An alternate form of pigeon fever called ulcerative lymphangitis affects the lymphatic vessels of the hindlimbs. This condition appears to occur more often in Texas than in other states. In this painful form of the disease, multiple small abscesses and ulcers develop on the hindlimb along the lymphatic vessels. One or both hindlimbs may be affected, resulting in severe lameness, swelling and cellulitis (diffuse infection of subcutaneous tissues), along with lethargy, fever and anorexia.
History of either a single or multiple slowly-developing abscesses with the characteristic creamy whitish to greenish pus occurring during late summer to fall is supportive of a diagnosis of ‘pigeon fever.’ Veterinarians may obtain the purulent exudate (pus) from an external abscess or biopsies of affected skin or fluid retrieved from the airway or abdominal cavity of patients believed to have internal abscesses. Bacterial culture and polymerase chain reaction (PCR) provide laboratory confirmation of pigeon fever. Physical examination and bloodwork may be useful in making the diagnosis in some cases. The synergistic hemolysis inhibition (SHI) test evaluates protein titers in a patient’s blood and is particularly helpful in diagnosing the presence of internal abscesses in horses lacking external abscesses. Ultrasound is useful to reveal suspected abscesses either in the lungs and abdomen or deep within the triceps or quadriceps muscles of severely lame horses.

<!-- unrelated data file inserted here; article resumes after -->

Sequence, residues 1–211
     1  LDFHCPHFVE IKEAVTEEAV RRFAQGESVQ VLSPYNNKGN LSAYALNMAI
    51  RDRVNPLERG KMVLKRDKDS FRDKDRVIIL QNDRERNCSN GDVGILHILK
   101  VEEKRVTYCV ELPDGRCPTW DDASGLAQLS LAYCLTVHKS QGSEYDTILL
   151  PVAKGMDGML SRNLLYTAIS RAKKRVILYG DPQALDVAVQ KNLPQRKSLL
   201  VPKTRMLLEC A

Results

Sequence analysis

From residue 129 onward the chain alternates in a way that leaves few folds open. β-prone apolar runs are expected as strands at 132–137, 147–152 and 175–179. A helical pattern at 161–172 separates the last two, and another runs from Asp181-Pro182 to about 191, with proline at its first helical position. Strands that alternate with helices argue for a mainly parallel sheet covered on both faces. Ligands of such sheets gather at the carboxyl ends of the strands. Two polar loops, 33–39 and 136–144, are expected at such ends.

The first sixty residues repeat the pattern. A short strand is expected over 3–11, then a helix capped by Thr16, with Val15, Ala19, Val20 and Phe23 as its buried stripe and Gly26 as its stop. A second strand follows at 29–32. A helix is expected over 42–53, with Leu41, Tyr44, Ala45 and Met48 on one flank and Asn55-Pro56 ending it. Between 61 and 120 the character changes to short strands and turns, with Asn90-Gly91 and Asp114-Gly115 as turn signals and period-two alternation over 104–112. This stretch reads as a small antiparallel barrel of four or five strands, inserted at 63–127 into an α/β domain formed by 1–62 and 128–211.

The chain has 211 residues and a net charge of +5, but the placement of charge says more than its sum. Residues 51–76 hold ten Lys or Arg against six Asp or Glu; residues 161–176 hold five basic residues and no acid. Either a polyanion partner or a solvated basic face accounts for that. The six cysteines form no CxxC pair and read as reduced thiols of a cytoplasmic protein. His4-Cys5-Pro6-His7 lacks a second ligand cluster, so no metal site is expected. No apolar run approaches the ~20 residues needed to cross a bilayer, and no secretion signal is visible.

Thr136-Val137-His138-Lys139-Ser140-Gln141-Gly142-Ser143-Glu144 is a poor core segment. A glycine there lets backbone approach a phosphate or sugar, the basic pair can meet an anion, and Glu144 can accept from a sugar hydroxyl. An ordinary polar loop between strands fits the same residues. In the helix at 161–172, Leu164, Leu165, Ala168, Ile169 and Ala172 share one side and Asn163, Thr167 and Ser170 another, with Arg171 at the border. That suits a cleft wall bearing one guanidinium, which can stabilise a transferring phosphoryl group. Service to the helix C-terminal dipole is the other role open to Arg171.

Treatment & Aftercare
Treatment of external abscesses is individualized for each patient depending on severity of disease. Mature abscesses may be lanced by your veterinarian and lavaged to remove as much pus as possible. Deep intramuscular abscesses may require ultrasound-guided drain-placement to achieve drainage. It is very important that all material drained and lavaged from the abscesses is collected and appropriately discarded, thus limiting the contamination of the immediate environment. Use of antibiotics in treating external abscesses is only necessary when complicating factors are present, such as persistent fever, depression, lameness, or cellulitis. Use of antimicrobials in uncomplicated cases of external abscesses may prolong the course of disease. Use of hot packs, hydrotherapy or poultices may encourage maturation of external abscesses.